한국개발연구. Vol. 31, No. 1, June 2009, pp. 139-167
A new public insurance for long-term care was introduced in July 2008 to provide for the rising demand for long-term care as the population is aging rapidly. The demand for long-term care is expected to rise further because more and more elderly are living alone or in households with only other elderly, such as his/her spouse, without informal care of their adult children. Even when the elderly are living together with their adult children, daughters and daughters in law, once the main informal care-givers, are not available because they choose to become economically active and work more over time. Experiences of countries such as Japan and Germany with similar public long-term care insurance scheme highlight the importance of detailed analysis on the demand for long-term care for the financial stability of the insurance scheme. Countries which had underestimated the demand for long-term care at the time of adopting the scheme went through financial instability of insurance schemes. This study analyzes the determinants of the demand for long-term care using data from the second demonstration project (April 2006~April 2007) of the long-term care insurance scheme for the elderly in Korea. Taking full advantage of detailed data on the long-term care, this paper analyzes the eligibility for the long-term care insurance scheme and its use. According to study results, even when common diseases among the elderly such as cancer, diabetes, arthritis, dementia, hypertension, etc. are controlled together with other individual and socioeconomic factors, limitations the elderly are faced with in their twelve activities of daily living significantly affect the eligibility for the Korean Long-term Care Insurance Scheme. This means that limitations in daily living activities are more critical than common diseases among the elderly are to the eligibility for the Korean Long-term Care Insurance Scheme. Bathing and toileting problems have been found to be the most important factor affecting the eligibility for the insurance scheme, followed by eating, dressing and moving around inside the house. Moreover, the choices of whether to use long-term care and which to use between home care and institutional care are found to be significantly influenced by health status and various socioeconomic factors of the elderly. In particular, those with more limitations in daily living activities and the female elderly are more likely to use long-term care and institutional care rather than home care. As for home care users, those living alone or with adult children and those with monthly household income of more than 500,000 won are more likely to use home care. Most importantly, even when the monthly household income of the elderly is controlled, the elderly recipients of the National Basic Living Security, who are not charged for long-term care, are more likely to choose home care. This implies that price as well as income is a critical factor for the decision to use long-term care. Further study on the duration of long-term care use will surely enhance the long-term care policy, when panel data is available for simultaneous analysis of the likelihood of long-term care use and its use duration.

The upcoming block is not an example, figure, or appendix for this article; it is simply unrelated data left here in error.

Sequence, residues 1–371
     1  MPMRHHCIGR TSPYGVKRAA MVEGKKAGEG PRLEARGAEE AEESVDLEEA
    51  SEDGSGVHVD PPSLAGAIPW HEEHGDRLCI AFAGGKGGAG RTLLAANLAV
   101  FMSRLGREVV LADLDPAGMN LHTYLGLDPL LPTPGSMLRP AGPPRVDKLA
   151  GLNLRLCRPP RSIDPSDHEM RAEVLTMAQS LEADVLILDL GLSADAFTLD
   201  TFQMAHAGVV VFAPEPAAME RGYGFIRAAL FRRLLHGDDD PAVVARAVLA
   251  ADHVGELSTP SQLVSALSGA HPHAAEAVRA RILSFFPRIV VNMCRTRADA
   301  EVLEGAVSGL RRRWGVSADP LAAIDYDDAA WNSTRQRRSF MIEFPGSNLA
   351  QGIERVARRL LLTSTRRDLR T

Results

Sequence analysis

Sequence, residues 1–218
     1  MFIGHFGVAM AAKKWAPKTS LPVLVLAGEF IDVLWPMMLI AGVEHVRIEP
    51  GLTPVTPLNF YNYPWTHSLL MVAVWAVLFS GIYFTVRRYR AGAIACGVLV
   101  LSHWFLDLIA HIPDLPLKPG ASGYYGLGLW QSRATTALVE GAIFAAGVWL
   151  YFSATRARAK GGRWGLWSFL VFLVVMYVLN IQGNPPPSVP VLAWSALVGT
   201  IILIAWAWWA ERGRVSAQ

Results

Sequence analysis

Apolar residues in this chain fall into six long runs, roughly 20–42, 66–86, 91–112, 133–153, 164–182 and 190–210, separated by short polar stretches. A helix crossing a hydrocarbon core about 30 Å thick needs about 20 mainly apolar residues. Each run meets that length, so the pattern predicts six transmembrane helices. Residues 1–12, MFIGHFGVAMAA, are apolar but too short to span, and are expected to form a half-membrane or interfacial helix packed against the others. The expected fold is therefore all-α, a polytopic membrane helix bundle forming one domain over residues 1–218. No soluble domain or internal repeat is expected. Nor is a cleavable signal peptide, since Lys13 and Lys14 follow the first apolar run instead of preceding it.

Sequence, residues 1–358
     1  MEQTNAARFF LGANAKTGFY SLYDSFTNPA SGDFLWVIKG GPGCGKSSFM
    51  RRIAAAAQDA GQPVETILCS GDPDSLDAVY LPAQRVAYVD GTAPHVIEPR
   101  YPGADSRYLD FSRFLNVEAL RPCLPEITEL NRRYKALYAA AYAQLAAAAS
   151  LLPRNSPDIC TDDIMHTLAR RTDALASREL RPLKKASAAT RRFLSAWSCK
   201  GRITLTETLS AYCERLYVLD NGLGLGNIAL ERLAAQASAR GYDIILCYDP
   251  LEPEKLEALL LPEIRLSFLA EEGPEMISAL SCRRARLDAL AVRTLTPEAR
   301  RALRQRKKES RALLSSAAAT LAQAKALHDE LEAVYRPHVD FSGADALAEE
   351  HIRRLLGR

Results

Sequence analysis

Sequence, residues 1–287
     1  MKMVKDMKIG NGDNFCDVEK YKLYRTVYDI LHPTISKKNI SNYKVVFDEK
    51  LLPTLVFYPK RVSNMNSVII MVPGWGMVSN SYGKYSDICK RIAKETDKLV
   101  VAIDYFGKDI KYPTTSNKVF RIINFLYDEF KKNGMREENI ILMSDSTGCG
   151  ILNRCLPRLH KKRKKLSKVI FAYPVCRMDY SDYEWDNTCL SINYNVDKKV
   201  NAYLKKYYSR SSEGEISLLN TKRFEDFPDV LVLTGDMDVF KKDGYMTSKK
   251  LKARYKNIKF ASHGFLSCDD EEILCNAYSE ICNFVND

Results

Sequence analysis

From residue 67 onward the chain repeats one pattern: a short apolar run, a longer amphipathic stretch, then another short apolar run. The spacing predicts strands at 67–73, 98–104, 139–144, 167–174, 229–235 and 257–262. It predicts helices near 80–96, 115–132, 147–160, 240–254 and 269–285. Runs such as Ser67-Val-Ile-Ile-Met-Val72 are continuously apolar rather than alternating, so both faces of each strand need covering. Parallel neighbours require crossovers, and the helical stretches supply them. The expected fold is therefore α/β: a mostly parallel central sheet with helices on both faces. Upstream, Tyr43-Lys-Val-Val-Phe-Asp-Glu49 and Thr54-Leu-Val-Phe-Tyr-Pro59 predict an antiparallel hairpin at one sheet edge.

장기요양서비스(LongTerm Care), 노인장기요양보험제도(Korean LongTerm Cave Insurance Scheme)